Asian over 50s

Asian over 50s
16th January 2019
Asian over 50s
18th January 2019

Asian over 50s

Project Attributes


Asian over 50s


CCGBC Museum Services


17th January 2019

We complemented each other.

Migration and work


“The first family came in to Northern Ireland in 1935. Most of our community group came here after we got married, around 1970. I have always wondered why the first family came over. It usually started with the husband coming over first and then the rest of the family followed. Nearly all Indian families were self employed, because then you didn’t need a work permit. People in Northern Ireland at that time had big families and couldn’t afford clothes so easily. The Indian people set up shop selling mostly clothes and fabrics, so it worked out well for both the original inhabitants and the immigrants. We complemented each other. Now, the new generation – our children and grandchildren – are well educated and have good jobs, usually in England or the United States. That was one of the reasons why some of the ladies from the Asia over 50s Club were isolated – their children had moved away.”

Indu tells us: “The differences between Northern Ireland and India were numerous: culture, food, language, weather. Even though many of us had English as a second language, the accent here was very different. I used to miss having Indian television and Indian songs. I remember that when I used to see a plane I got very homesick.”

Jai: “By the time I came here it was summertime. I stayed in Portrush and it was so busy! I used to write letters home about how many people there were and how nice it was. But when September came I wrote my mother: ‘Mummy, it’s like a wedding where all the guests have left in Portrush now!’ Adjusting to the food wasn’t too bad – we could get Indian food from Belfast quite easily. Indian people love their chillies, so as long as we had red chillies, we were okay, haha.”

Satish: “Me and my husband stayed with his uncle who was married to an Irish woman. The first morning – when my husband was away to work – I had my first breakfast in Northern Ireland. Cereal, a jug of milk, toast and some butter. I had never had cereal before, we used to make toast in a different way and I had never even used knife and fork before. When I put the first spoonful in my mouth, the tears were streaming down my face – I had not expected this! It took me a long time to get used to it. We lived with this uncle and aunt for 8 days. On the 9th day, they told us that our bed had arrived in our house (that was still being renovated). I told my husband: ‘We are sleeping in our own house!’ We didn’t have a table or chairs yet, but it didn’t matter, as long as the bed was there, haha!”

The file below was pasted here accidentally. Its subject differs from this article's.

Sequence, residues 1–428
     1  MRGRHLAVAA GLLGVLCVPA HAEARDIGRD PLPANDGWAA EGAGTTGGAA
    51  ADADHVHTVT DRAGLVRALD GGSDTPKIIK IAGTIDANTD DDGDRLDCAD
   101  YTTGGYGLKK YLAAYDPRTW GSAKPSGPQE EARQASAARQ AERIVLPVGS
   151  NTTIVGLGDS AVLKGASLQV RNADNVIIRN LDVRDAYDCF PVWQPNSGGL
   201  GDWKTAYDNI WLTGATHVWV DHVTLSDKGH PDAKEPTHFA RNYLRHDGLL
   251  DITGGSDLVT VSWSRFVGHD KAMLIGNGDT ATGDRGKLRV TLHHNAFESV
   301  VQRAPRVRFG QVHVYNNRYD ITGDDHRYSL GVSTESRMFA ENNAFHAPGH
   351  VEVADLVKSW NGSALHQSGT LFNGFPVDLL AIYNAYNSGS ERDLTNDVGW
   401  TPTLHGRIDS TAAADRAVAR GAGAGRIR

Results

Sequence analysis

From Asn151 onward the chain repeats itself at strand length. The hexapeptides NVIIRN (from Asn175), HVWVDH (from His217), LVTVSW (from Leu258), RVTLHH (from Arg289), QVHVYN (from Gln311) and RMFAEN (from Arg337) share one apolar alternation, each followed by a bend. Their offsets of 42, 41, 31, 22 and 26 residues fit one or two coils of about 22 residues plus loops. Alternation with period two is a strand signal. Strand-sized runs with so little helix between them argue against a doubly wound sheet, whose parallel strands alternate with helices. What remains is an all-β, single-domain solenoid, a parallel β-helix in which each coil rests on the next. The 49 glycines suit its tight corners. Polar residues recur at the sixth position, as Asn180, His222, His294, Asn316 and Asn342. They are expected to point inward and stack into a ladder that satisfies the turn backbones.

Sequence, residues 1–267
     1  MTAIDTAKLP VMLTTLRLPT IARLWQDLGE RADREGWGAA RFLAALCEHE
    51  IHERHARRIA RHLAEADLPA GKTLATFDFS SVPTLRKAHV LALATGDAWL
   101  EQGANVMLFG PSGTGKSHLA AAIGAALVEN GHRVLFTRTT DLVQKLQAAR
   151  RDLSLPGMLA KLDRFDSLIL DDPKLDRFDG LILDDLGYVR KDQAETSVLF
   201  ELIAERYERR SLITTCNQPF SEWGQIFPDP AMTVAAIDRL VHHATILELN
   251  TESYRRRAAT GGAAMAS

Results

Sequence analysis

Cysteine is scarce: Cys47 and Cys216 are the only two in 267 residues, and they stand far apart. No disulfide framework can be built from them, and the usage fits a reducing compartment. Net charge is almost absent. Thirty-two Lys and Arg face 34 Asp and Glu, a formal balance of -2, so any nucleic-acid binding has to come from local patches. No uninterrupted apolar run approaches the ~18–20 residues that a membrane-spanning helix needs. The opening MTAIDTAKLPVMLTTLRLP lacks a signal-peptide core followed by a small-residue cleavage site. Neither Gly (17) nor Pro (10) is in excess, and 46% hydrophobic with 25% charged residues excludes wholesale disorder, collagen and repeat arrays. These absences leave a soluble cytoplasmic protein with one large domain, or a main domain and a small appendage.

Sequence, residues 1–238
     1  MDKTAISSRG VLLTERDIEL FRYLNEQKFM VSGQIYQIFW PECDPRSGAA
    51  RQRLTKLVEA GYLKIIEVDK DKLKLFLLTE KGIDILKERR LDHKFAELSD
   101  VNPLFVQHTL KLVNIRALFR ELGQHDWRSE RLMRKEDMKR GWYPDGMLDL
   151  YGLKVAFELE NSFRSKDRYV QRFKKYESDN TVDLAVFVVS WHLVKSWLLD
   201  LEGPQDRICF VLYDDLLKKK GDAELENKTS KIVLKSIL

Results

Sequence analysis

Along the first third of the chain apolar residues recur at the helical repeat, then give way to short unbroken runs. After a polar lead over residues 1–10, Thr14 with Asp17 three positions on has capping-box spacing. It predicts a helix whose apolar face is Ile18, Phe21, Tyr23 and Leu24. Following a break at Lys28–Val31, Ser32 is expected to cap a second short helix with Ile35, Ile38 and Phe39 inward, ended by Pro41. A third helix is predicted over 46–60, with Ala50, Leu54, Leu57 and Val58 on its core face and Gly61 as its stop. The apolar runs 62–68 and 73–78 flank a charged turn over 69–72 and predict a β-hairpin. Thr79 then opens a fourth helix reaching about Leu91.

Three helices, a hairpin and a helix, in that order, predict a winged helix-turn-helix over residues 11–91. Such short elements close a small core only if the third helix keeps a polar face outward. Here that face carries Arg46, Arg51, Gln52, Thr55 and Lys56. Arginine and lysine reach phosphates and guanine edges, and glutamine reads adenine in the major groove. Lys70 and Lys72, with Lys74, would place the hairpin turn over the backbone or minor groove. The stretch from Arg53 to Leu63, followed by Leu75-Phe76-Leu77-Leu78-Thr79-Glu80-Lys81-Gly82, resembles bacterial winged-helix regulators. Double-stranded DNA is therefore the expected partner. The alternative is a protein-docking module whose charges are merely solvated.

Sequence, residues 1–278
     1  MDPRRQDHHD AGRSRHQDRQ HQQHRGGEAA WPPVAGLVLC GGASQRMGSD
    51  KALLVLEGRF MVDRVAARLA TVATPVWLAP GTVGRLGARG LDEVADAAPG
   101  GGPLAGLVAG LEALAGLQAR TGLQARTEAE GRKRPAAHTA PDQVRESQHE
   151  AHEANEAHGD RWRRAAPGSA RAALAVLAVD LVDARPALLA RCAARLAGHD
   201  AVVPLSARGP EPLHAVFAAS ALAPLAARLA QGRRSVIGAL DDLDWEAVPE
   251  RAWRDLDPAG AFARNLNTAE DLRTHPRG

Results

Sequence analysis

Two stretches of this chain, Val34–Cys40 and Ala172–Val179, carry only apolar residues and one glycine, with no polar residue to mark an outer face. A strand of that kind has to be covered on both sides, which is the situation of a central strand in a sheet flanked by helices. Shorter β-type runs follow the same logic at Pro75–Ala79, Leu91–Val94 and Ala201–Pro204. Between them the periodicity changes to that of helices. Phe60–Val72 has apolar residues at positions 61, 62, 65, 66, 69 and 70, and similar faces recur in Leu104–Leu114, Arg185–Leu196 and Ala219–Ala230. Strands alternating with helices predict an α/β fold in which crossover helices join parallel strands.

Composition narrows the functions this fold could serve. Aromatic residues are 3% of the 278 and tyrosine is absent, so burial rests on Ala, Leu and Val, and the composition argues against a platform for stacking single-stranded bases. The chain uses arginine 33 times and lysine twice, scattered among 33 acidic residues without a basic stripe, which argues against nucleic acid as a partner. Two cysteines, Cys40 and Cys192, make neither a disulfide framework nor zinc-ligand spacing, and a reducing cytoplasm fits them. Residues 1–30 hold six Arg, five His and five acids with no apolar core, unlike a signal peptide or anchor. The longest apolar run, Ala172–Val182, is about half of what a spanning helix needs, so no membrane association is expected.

Indu: “Northern Ireland is a close society, but they are very welcoming. We feel that we are part of the community. I lived in Ballymoney, which is a small place, and we had a business there for a long time.When we closed the business, people were sorry about it. It was the relationships we buillt with the customers. I do not feel like an immigrant at all.”

Kuldip: My husband, who was a doctor, worked in this small village. It was such a close-knit community, it felt almost like family. When he passed away, his patients felt very sad about it. One reason that we have been taken up into Northern Irish society so well could be that the Irish also have a history of migration and oppression, just like India. Our stories are similar.”


Naresh “Everybody was self employed at that time. The husbands would go out to work and the wives would take care of the children.” Indu: “I think many of the wives ended up working too by the end, and they also had the children, haha!” Jai: “Yes, I started my own business as a dry cleaner.”

“People didn’t try for jobs which meant working under a boss, because you had to have a work permit for that. Most people were set on starting their own business anyway, also because they didn’t have the right type of qualifications to start working in a Northern Irish company. Later on, it got easier to work. The Indian people were not threatening to the local population because we did not take their jobs – on the contrary, we were providing services. There were three D’s that were typical Indian professions: doctors, drapers and dry cleaners. Many doctors and dentists came from India, there are still plenty now.”